These women shared with The 19th how the past year has reshaped their lives — for better and for worse — and delved into their hopes and fears about the next few months, including what life could look like after the pandemic’s end. 

On the frontlines

As much of the country has shifted to endless Zooms and at-home offices, many people’s incomes depended on continuing to show up in-person throughout the pandemic. Women make up the bulk of these frontline workers.

Dr. NanaEfua Afoh-Manin
NanaEfua Afoh-Manin, a doctor in California, formed a nonprofit to set up pop-up coronavirus testing sites across the country. Karla Gachet/The 19th

Dr. NanaEfua Afoh-Manin, 43

A year ago, Dr. NanaEfua Afoh-Manin started setting up pop-up coronavirus testing sites in disadvantaged Los Angeles neighborhoods to try to reach people of color before they ended up in her emergency room.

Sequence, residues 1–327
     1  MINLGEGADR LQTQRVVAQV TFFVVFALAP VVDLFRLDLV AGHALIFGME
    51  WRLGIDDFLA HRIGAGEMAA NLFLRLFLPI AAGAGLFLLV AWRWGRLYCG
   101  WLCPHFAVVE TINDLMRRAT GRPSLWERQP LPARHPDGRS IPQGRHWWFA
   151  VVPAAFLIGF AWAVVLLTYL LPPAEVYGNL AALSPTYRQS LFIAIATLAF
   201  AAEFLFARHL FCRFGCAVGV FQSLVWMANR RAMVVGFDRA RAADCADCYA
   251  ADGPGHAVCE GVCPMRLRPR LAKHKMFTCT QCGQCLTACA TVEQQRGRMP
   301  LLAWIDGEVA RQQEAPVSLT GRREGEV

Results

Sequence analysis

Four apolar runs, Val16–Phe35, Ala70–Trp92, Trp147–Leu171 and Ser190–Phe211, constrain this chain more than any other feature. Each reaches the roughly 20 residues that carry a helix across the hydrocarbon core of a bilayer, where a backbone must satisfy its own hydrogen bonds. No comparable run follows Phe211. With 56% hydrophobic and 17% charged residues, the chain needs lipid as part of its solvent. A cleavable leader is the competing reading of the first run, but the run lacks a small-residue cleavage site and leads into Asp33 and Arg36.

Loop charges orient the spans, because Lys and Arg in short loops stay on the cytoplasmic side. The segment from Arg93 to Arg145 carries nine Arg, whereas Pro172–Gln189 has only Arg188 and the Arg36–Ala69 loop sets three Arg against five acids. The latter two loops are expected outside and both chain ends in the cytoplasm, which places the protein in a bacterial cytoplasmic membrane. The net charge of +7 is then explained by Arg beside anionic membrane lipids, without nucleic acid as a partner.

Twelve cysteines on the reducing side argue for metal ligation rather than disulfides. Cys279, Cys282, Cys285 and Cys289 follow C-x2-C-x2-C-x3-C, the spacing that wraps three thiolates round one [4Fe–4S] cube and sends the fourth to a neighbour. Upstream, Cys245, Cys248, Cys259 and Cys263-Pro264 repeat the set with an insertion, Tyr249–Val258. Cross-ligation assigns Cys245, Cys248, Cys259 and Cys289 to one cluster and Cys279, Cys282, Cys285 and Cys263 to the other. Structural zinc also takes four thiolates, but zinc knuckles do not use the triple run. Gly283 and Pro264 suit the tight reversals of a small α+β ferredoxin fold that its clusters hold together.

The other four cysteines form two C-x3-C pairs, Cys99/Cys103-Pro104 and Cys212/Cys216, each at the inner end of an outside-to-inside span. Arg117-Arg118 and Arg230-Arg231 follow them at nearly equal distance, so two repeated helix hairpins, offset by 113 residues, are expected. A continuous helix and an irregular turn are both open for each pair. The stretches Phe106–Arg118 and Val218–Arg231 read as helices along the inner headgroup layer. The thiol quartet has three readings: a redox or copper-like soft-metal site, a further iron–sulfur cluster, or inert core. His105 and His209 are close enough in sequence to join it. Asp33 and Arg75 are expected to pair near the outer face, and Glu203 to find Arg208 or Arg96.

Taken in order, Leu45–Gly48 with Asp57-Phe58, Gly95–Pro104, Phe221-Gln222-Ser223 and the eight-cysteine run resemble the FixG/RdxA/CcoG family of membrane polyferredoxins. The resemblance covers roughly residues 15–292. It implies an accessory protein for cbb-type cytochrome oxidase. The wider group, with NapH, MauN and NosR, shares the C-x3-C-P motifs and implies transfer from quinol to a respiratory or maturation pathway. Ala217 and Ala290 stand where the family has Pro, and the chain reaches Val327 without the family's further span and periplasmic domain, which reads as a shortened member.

Now, those pop-ups are turning into vaccination sites. 

After 31 successful events in 2020, Afoh-Manin is partnering with the Los Angeles County Department of Public Health to distribute vaccines to communities that would otherwise struggle through the process because of barriers to access — from reliable transportation to skepticism over the effectiveness of the shot.

“In the popular narrative surrounding the COVID-19 vaccine, most of the public is pigeonholed into one of two groups: Either they are eager for the vaccine or hesitant to receive it,” Afoh-Manin said. “This simple binary does not represent the entire population or the complexity of the public’s understanding of the COVID-19 vaccine.” 

Instead, the team at Afoh-Manin’s nonprofit, Shared Harvest/myCovidMD, is focusing on a different approach to help build confidence. 

“The way we see it, it is about both access and reliability, “she said. “To counteract the health inequities that prevail in our country, we both have to ensure that these communities have equal opportunities for vaccination and that there is education provided to ensure that each individual feels comfortable trusting the science behind the approved COVID-19 vaccines.”

Dr. Kakra Gyambibi, interim chief of staff and the clinical community health partners coordinator for the nonprofit, said part of that is meeting people where they are and providing a venue for them to ask questions.